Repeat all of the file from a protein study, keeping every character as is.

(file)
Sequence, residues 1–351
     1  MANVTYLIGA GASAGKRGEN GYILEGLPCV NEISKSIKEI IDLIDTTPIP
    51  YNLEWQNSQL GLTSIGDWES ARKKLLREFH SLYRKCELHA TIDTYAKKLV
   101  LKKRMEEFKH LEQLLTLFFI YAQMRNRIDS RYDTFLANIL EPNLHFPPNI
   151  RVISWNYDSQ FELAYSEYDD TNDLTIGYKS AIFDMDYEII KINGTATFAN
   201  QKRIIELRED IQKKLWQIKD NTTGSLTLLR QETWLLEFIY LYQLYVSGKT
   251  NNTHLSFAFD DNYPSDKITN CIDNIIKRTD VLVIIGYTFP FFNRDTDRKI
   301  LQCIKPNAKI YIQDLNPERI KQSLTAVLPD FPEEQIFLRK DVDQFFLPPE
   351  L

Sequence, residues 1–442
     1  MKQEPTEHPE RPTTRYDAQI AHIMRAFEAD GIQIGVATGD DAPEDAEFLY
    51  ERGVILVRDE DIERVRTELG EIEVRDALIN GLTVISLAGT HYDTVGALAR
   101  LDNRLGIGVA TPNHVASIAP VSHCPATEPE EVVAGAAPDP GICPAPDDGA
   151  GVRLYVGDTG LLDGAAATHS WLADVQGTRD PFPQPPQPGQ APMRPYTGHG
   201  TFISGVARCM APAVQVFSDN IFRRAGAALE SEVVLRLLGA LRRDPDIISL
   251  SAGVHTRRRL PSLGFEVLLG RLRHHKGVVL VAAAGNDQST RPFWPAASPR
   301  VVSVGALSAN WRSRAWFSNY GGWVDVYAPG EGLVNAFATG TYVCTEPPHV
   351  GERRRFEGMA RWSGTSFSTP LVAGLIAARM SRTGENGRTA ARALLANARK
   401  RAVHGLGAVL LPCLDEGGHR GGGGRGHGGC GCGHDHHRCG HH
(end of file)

Sequence, residues 1–351
     1  MANVTYLIGA GASAGKRGEN GYILEGLPCV NEISKSIKEI IDLIDTTPIP
    51  YNLEWQNSQL GLTSIGDWES ARKKLLREFH SLYRKCELHA TIDTYAKKLV
   101  LKKRMEEFKH LEQLLTLFFI YAQMRNRIDS RYDTFLANIL EPNLHFPPNI
   151  RVISWNYDSQ FELAYSEYDD TNDLTIGYKS AIFDMDYEII KINGTATFAN
   201  QKRIIELRED IQKKLWQIKD NTTGSLTLLR QETWLLEFIY LYQLYVSGKT
   251  NNTHLSFAFD DNYPSDKITN CIDNIIKRTD VLVIIGYTFP FFNRDTDRKI
   301  LQCIKPNAKI YIQDLNPERI KQSLTAVLPD FPEEQIFLRK DVDQFFLPPE
   351  L

Sequence, residues 1–442
     1  MKQEPTEHPE RPTTRYDAQI AHIMRAFEAD GIQIGVATGD DAPEDAEFLY
    51  ERGVILVRDE DIERVRTELG EIEVRDALIN GLTVISLAGT HYDTVGALAR
   101  LDNRLGIGVA TPNHVASIAP VSHCPATEPE EVVAGAAPDP GICPAPDDGA
   151  GVRLYVGDTG LLDGAAATHS WLADVQGTRD PFPQPPQPGQ APMRPYTGHG
   201  TFISGVARCM APAVQVFSDN IFRRAGAALE SEVVLRLLGA LRRDPDIISL
   251  SAGVHTRRRL PSLGFEVLLG RLRHHKGVVL VAAAGNDQST RPFWPAASPR
   301  VVSVGALSAN WRSRAWFSNY GGWVDVYAPG EGLVNAFATG TYVCTEPPHV
   351  GERRRFEGMA RWSGTSFSTP LVAGLIAARM SRTGENGRTA ARALLANARK
   401  RAVHGLGAVL LPCLDEGGHR GGGGRGHGGC GCGHDHHRCG HH